Buying Local

I had an interesting shopping experience today, on the extremes of the retail spectrum. You probably know about the big box end, Wal-Mart. The other was a sole proprietorship, which I'll call "The Luggage Store," run by a guy I'll call Dave. Dave was a high school acquaintance of a good friend of mine, and the combination of my affection for my friend Darrel and Dave's attitude about high quality products has made me a loyal customer. We've bought 3 pieces of luggage from him, and they've all served well for a good amount of travel around the world.

Dave has attitude to spare, covering more than just quality products. When you get on his wrong side, it feels like it's him against the world, and there must be something wrong with you. Darrel had explained -- with apparent fascination -- that the guy was an amazing asshole. (Darrel, by comparison, was a wonderful, smart and funny guy, a great friend who left this world much too soon.)

Just before we were scheduled to go to China in April, I'd gone in to The Luggage Store to buy a transformer for using our electrical appliances in a 220V/50Hz land. I don't remember that interaction, but I have the sense that he had exactly what I needed, and I bought it for a price that was higher than I'd expect elsewhere. The personal, fast, and knowledgeable assistance makes it worthwhile.

Making our final preparation for the postponed trip, I looked through the package and realized that I didn't have the adaptor plugs that would be needed between wall outlet and transformer. I'd already decided to go to Wal-mart on the strength of a recommendation to get another set of NiMH batteries there, and I figured I'd see if they had the plugs at the same time. I looked a long time on my own in electronics, small appliances, electrical, and then finally asked a clerk in the digital camera section who asked if she could help me while I was looking at the prices on SD memory; she said "that would be in electronics." Where's that? "The next aisle over," where I had already looked, as it happens. A clerk over there knew what I was after, and walked me the 10 or so aisles away where it was. There was essentially the same transformer, in a package that included 5 plug adaptors, for $4 less than the transformer alone had cost me earlier.

I had a sense of dread about going to The Luggage Store, but I figured that perhaps the package I'd bought was supposed to have the adaptor plugs -- there was an odd bit of space in the otherwise tidy box and packaging. If that was the case, I'd collect the missing parts, and return the Wal-mart purchase, even though it was cheaper, as a loyal customer of the small businessman. My inquiry started with that: was this supposed to include adaptor plugs? No, if I needed those, I should've bought this other set, he told me, with a deepening sense of concern and affront in his body language.

Long story short, he got his back up in a major way, wanted to make it clear that he "hadn't fucked (me) over," as he put it. When I told him that I'd found the same transformer with the adaptors, for less money, and so I no longer needed the transformer, he demanded "where did you get it? Because I'm the only one in town that has the dual voltage transformer!" I brought it in from the car, told him "Wal-mart" with even more dread. Sure enough, that triggered a tirade about how I'd be left with nothing, and did they give me any *assistance* there? (Well, it wasn't the same as I was getting now, to be sure!) And they didn't repair any luggage (?!) and he'd been in business for 25 years, and you don't stay in business that long if you fuck people over.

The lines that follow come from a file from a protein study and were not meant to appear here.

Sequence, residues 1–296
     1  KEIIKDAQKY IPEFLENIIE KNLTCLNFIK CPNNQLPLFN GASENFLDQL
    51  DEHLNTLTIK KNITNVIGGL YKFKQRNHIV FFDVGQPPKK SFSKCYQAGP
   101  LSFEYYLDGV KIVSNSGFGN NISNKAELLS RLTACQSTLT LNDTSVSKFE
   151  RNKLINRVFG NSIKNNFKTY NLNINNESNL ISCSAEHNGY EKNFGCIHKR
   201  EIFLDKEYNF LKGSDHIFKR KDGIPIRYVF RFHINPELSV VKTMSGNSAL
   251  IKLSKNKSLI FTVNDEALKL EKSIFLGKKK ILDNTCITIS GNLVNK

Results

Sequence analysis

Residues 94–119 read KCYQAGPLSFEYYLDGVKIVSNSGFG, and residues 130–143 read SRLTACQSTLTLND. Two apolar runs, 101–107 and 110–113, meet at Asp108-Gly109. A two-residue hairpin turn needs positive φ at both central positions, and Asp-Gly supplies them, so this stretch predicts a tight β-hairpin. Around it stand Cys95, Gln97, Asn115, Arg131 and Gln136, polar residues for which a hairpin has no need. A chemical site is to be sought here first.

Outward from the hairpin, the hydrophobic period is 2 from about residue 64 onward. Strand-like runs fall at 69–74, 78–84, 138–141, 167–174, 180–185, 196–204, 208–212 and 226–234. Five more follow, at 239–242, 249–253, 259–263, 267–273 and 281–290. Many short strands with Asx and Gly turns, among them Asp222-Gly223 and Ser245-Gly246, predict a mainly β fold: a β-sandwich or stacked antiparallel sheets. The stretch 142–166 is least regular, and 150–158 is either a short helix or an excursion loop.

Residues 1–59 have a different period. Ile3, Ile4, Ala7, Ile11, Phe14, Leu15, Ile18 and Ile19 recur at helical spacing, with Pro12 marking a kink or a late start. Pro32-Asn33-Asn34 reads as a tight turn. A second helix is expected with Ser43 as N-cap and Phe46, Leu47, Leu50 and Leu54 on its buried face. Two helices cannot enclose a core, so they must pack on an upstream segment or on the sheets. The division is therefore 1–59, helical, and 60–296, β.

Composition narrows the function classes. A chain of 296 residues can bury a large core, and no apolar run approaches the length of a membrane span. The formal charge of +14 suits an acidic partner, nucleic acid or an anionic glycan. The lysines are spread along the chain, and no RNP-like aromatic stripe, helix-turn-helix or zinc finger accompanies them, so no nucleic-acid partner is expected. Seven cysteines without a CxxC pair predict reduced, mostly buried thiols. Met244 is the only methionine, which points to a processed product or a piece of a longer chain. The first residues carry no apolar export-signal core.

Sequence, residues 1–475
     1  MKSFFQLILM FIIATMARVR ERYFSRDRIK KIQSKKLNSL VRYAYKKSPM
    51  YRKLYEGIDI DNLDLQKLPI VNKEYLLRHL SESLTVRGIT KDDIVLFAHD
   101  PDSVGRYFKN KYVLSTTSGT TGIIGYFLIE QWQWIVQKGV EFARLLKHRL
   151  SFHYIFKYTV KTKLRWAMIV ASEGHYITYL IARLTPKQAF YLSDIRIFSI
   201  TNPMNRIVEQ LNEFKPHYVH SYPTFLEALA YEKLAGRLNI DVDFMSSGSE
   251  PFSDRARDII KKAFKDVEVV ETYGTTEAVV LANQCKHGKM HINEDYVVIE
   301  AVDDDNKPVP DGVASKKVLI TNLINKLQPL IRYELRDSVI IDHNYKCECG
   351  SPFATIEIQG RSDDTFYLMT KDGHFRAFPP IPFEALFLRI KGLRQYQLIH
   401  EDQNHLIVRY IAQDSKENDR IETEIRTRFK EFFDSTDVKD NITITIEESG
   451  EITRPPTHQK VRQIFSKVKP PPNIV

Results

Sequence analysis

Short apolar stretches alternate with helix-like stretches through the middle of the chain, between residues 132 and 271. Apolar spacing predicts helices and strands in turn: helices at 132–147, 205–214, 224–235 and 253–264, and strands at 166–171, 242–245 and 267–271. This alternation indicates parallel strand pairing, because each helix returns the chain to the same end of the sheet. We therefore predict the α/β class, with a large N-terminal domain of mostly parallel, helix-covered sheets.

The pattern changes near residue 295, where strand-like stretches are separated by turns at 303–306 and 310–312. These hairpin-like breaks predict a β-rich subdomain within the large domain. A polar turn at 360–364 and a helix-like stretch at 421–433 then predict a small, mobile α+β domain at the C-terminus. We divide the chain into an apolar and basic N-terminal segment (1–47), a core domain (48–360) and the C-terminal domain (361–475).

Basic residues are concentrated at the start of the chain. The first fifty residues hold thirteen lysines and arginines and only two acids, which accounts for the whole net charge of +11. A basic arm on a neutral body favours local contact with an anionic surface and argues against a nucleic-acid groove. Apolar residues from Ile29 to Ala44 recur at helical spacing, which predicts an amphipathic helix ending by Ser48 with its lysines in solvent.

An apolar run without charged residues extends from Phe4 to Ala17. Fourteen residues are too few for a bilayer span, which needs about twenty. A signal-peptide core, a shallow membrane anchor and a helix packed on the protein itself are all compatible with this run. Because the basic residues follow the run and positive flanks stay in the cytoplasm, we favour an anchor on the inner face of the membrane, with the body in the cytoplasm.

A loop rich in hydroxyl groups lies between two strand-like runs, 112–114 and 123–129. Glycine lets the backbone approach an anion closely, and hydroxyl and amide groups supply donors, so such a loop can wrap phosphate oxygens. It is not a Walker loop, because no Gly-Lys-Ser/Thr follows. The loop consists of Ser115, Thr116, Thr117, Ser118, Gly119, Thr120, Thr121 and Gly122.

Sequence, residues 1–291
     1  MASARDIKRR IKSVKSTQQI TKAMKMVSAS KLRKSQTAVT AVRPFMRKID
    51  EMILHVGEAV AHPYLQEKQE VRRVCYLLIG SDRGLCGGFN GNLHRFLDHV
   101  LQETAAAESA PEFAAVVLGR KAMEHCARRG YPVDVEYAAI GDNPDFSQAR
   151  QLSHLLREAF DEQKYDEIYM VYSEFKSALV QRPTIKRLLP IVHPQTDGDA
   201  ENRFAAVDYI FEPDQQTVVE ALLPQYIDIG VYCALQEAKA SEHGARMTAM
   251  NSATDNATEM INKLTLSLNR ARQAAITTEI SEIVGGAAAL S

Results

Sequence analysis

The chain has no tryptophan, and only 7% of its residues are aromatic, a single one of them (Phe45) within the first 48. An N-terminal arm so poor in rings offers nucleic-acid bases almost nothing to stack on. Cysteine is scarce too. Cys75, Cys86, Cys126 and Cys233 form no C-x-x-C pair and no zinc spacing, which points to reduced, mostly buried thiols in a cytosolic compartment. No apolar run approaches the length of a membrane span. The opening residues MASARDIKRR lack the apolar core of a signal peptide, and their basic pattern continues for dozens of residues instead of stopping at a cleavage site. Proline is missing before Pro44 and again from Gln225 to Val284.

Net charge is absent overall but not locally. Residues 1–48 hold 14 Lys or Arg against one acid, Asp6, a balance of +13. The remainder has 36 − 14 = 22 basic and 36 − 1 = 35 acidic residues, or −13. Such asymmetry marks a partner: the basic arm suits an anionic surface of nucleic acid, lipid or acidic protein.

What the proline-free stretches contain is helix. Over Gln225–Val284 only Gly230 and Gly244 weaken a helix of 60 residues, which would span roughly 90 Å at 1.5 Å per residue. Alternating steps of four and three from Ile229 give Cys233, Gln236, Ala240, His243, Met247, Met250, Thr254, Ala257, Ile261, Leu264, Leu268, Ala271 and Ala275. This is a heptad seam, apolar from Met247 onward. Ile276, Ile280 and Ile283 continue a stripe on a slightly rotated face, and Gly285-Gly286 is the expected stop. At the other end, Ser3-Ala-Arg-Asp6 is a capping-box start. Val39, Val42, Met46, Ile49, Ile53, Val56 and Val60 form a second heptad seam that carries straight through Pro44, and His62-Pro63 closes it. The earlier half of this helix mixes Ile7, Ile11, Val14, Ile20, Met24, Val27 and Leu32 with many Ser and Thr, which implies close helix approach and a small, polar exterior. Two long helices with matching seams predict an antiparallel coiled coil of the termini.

After I did my best to smooth his ruffled feathers, he did refund my money, running a reverse charge on the credit card I used, without asking for my receipt (which I hadn't dug out and brought with me). He did the right thing, in a really unpleasant way, in essence.

When I got home, I noticed the little nylon carrying pouch that I'd forgotten to put back in the package with the rest of the stuff; I don't want to keep it, so I get to go back to the store tomorrow, and relive the experience. :-/

I have mixed feelings about Wal-mart, and I've long had a bias toward buying from local firms when I can. There are certainly clerks who don't know what's what (let alone where or if it is in the store), and there's a lot of cheap merchandise, and some of it is low quality. But they do train the staff to be *nice* to people for God's sake, and they do have some good merchandise that people want, with damn low prices. They didn't have a wide selection of the transformer/adaptor sets, they had just one choice -- but it was the right choice, and for a good price.

Somewhere in the diatribe, Dave said "I'm going to be out of here soon," meaning, I suppose, that he was looking to retire from what must be 25 years of unpleasantness for him. He'll want to sell the business, I imagine, or maybe not; maybe liquidating it will be good enough for him. I feel sorry for the guy, because he doesn't think the world has changed in 25 years, and that Wal-mart is going to leave us all with nothing, and that there will be a hole in the ocean when he pulls his finger out of it.

It doesn't look that way to me.

Tom von Alten      tva_∂t_fortboise_⋅_org

Friday, 31-Oct-2003 18:46:27 MST
http://www.fortboise.org/BuyingLocal.html